Games allow us to play out our fantasies no matter how unlikely; such as seeing South Africa winning the 2010 World Cup considering we’ve just been booted from the competition. What a coincidence then that this game comes up for review just in time to satiate my desire to see our country beat the odds. So that’s exactly what I aimed for: I selected Bafana Bafana as my team and began playing through a digital recreation of the entire 2010 World Cup. All the starting pools are identical and you’re free to select a whole bunch of countries to play as. I, however, opted to stick to South Africa and allowed the other matches to be automatically resolved. As a result I comfortably flew through a month’s worth of football games in a little less than two hours; God bless gaming’s ability to provide instant gratification.
The more astute of you would have noticed that this is the Wii version of 2010 FIFA World Cup South Africa being reviewed here. You did notice that, did you? Well done, have a cookie. Being the Wii version means that the control scheme will be vastly different to what one would find on the other consoles. Fortunately they’re really straight forward and with enough furious waggling of Wii remotes you’ll soon see your country of choice hoisting the World Cup trophy – that, or you’ll see them rack up a sizeable amount of red and yellow cards for slide tackling. A number of control mapping options are available for people who own multiple Wii remotes but not multiple nunchuk add-ons. It’s entirely possible to play the game without a nunchuk, but you then relinquish a lot of control and only need to worry about pressing buttons for passing and shooting – not nearly as much fun.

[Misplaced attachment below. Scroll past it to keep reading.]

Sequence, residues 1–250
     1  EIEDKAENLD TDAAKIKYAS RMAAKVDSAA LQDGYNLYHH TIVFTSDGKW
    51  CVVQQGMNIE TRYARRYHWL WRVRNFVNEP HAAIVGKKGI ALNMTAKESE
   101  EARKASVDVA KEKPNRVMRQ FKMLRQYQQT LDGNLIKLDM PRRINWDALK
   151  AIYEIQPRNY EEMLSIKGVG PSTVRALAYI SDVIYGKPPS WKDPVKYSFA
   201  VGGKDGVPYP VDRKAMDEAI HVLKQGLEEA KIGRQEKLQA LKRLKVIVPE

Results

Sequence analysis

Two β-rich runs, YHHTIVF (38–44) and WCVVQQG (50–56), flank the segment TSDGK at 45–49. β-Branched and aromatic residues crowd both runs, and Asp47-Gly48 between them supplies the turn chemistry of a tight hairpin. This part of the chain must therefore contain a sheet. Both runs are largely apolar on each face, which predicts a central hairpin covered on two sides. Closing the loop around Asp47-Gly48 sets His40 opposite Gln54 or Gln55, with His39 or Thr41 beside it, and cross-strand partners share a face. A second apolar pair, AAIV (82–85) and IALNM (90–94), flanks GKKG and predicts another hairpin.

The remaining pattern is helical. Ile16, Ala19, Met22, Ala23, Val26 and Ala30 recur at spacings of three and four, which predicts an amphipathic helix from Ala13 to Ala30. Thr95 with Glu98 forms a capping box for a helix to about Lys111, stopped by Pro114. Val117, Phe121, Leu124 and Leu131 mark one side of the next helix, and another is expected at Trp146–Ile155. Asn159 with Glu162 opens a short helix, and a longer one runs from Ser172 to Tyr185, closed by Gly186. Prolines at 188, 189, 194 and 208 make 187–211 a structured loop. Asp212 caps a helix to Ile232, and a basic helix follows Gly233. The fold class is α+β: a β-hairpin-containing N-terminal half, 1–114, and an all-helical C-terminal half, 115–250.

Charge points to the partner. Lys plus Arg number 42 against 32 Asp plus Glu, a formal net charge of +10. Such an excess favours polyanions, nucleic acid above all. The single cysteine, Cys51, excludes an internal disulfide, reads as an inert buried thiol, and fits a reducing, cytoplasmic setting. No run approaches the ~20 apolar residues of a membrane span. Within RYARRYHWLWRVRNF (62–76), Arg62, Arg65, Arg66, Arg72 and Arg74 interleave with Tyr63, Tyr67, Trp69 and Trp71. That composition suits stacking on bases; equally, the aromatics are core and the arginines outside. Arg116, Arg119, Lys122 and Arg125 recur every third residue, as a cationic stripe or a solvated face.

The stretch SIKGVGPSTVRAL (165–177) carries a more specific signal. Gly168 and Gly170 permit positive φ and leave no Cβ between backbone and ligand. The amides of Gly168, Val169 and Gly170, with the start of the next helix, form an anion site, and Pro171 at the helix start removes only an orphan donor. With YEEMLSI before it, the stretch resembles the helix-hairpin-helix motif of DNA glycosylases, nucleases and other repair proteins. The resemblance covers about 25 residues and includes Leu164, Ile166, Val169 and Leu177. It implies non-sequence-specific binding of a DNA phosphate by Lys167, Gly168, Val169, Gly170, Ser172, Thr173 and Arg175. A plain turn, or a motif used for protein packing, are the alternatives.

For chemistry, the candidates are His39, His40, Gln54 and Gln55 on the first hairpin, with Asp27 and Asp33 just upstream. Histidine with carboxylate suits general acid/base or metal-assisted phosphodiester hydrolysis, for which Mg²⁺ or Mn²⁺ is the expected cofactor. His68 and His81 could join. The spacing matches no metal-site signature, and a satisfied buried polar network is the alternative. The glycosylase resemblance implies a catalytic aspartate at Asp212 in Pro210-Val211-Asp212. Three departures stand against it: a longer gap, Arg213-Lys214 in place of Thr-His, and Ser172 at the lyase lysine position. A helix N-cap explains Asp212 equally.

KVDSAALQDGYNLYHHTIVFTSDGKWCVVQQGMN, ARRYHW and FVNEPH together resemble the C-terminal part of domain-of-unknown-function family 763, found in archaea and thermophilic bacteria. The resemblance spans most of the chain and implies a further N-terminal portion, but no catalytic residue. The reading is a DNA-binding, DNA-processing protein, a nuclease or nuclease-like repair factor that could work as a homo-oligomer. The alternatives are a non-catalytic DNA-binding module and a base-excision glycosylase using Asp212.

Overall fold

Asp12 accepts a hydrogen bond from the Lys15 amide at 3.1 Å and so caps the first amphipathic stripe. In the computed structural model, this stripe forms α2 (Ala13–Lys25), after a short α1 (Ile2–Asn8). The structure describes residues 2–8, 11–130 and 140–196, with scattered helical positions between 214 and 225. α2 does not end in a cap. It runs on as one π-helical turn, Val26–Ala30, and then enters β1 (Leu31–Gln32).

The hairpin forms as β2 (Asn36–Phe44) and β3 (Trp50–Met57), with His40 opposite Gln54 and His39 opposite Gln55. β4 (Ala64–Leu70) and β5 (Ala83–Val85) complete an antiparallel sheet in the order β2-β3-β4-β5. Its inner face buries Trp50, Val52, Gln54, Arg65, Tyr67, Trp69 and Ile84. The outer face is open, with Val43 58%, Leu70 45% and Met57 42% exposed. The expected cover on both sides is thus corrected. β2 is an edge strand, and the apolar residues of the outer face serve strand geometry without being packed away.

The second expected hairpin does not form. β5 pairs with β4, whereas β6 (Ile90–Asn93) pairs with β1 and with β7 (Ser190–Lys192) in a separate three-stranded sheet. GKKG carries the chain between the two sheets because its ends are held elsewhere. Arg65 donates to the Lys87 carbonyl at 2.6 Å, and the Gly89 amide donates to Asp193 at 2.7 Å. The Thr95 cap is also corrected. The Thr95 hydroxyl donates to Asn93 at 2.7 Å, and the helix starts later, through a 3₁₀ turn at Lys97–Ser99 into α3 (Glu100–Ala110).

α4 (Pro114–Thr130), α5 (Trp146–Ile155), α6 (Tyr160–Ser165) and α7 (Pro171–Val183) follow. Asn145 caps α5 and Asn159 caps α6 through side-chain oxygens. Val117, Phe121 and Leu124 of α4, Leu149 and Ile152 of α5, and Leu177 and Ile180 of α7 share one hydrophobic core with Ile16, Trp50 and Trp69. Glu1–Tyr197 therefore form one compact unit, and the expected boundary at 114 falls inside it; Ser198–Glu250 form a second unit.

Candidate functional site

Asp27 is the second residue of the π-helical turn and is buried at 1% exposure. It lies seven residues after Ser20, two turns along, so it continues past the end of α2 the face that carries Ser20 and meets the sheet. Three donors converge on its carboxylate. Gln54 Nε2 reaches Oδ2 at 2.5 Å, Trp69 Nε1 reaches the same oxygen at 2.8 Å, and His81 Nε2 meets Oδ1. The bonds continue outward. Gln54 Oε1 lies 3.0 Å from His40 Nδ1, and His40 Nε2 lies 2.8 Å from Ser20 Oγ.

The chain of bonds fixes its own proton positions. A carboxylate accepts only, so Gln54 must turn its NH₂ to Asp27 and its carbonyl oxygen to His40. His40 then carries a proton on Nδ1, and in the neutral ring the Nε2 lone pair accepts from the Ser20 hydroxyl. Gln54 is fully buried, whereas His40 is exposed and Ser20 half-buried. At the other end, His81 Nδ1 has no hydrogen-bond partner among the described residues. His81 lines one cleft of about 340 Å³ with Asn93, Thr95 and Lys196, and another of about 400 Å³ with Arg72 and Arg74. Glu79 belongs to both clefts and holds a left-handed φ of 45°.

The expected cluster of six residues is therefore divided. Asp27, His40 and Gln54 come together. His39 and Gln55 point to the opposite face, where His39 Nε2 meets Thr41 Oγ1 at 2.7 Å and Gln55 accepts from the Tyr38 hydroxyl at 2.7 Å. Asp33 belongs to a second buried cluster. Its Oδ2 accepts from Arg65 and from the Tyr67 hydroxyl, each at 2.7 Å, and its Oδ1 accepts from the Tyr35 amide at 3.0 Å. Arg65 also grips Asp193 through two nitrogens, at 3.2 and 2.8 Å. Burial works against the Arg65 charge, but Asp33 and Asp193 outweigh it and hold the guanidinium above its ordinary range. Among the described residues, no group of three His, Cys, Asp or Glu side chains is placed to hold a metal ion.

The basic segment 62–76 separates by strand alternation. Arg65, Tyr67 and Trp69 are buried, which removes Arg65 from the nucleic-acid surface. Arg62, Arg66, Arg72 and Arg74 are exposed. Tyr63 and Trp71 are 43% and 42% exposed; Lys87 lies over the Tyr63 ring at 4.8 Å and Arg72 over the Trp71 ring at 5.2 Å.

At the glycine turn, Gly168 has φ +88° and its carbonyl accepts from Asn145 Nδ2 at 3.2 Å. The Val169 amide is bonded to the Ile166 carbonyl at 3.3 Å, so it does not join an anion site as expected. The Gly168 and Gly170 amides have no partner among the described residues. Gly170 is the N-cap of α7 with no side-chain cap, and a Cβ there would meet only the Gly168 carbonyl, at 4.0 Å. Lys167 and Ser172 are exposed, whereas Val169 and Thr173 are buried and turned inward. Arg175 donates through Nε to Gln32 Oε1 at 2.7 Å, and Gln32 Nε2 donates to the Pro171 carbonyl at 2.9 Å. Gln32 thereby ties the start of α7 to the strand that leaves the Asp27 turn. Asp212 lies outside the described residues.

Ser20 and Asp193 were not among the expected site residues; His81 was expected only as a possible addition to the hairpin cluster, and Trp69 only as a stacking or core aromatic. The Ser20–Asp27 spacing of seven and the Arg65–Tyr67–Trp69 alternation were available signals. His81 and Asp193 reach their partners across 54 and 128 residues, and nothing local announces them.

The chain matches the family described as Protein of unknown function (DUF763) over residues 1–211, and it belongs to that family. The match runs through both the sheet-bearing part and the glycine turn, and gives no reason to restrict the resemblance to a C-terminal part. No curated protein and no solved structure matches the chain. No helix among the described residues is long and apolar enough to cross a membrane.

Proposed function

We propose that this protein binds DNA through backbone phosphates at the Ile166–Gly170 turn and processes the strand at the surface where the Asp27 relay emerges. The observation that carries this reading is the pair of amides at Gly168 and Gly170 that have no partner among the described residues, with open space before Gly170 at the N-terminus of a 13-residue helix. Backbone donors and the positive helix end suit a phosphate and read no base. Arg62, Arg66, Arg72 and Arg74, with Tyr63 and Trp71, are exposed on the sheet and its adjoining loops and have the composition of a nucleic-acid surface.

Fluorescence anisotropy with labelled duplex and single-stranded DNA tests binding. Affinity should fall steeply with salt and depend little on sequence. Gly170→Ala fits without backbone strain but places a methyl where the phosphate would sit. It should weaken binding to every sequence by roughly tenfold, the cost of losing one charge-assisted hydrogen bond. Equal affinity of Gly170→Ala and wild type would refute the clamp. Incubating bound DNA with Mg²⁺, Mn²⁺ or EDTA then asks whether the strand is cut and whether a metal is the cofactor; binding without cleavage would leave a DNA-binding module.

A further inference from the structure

One possibly important reason to pick up a copy of 2010 FIFA World Cup South Africa is as a memento for this historic event being hosted by our nation. Furthermore it is not every day that we see our country featuring prominently, let alone recreated, in a game. That being said, the Wii version lacks a lot of the detail that the PlayStation 3 and Xbox 360 versions will have. While all of the stadiums make an appearance, as well as all of the players, they’re not very well realised thanks to the Wii’s limitations. Where the Wii wins is in the controls: it is dead easy for anybody to pick up even if they have never played a sports game at all.
Confession time: this is the first FIFA game I have ever played. Accolade time: this will definitely not be the last FIFA game I ever play. It’s crazy, but mere days ago I abhorred sports games and when I was given this to review I had to stifle the urge to vomit a little in my mouth. Well, consider my condescending attitude towards the genre well and truly kicked in the nuts.